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Chapter 42: Belle-Ile-en-Mer. (continued)
"Yes?" said Aramis.
"I know that the false king formed the project of selling Belle-Isle to the English. I understand that, too."
"I know that we engineers and captains came and threw ourselves into Belle-Isle to take direction of the works, and the command of ten companies levied and paid by M. Fouquet, or rather the ten companies of his son-in-law. All that is plain."
Aramis rose in a state of great impatience. He might be said to be a lion importuned by a gnat. Porthos held him by the arm. "But what I cannot understand, what, in spite of all the efforts of my mind, and all my reflections, I cannot comprehend, and never shall comprehend, is, that instead of sending us troops, instead of sending us reinforcements of men, munitions, provisions, they leave us without boats, they leave Belle-Isle without arrivals, without help; it is that instead of establishing with us a correspondence, whether by signals, or written or verbal communications, all relations with the shore are intercepted. Tell me, Aramis, answer me, or rather, before answering me, will you allow me to tell you what I have thought? Will you hear what my idea is, the plan I have conceived?"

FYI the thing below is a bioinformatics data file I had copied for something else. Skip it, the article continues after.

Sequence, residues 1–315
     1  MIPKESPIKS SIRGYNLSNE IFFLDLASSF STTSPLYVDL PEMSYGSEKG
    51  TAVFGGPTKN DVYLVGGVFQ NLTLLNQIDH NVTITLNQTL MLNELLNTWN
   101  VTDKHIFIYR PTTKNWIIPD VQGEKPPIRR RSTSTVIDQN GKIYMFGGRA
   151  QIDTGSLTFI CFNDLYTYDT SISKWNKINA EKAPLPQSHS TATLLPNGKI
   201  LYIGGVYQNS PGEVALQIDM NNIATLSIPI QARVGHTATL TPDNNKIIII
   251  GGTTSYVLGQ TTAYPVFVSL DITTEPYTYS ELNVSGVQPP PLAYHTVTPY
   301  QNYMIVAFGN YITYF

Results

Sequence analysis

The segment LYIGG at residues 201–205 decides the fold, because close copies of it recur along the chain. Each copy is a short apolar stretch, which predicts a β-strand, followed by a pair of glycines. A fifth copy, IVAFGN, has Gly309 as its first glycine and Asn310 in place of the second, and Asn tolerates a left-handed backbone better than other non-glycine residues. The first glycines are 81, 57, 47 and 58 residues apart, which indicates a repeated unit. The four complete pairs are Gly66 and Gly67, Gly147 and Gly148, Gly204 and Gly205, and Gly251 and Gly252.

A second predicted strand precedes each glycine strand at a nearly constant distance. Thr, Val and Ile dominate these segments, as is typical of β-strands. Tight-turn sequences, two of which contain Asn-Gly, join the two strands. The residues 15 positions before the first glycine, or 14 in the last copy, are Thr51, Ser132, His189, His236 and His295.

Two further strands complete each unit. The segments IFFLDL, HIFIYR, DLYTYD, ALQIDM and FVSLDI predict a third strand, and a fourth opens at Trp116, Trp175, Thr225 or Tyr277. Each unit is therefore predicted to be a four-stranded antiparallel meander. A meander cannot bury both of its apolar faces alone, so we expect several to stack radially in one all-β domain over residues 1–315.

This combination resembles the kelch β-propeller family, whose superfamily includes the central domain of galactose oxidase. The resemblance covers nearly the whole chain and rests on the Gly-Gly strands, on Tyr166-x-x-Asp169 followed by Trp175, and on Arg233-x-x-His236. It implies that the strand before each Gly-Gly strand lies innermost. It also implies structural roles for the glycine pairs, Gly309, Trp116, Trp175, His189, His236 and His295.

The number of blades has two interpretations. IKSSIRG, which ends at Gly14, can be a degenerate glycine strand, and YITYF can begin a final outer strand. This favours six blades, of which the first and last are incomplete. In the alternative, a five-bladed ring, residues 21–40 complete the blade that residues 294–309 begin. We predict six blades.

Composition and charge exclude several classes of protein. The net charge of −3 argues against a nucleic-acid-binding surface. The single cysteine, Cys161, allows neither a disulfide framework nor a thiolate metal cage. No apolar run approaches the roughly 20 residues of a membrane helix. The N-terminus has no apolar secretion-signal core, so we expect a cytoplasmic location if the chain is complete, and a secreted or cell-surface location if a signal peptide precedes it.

The bishop raised his head. "Well! Aramis," continued Porthos, "I have dreamed, I have imagined that an event has taken place in France. I dreamt of M. Fouquet all the night, of lifeless fish, of broken eggs, of chambers badly furnished, meanly kept. Villainous dreams, my dear D'Herblay; very unlucky, such dreams!"
"Porthos, what is that yonder?" interrupted Aramis, rising suddenly, and pointing out to his friend a black spot upon the empurpled line of the water.
"A bark!" said Porthos; "yes, it is a bark! Ah! we shall have some news at last."
"There are two!" cried the bishop, on discovering another mast; "two! three! four!"
"Five!" said Porthos, in his turn. "Six! seven! Ah! mon Dieu! mon Dieu! it is a fleet!"
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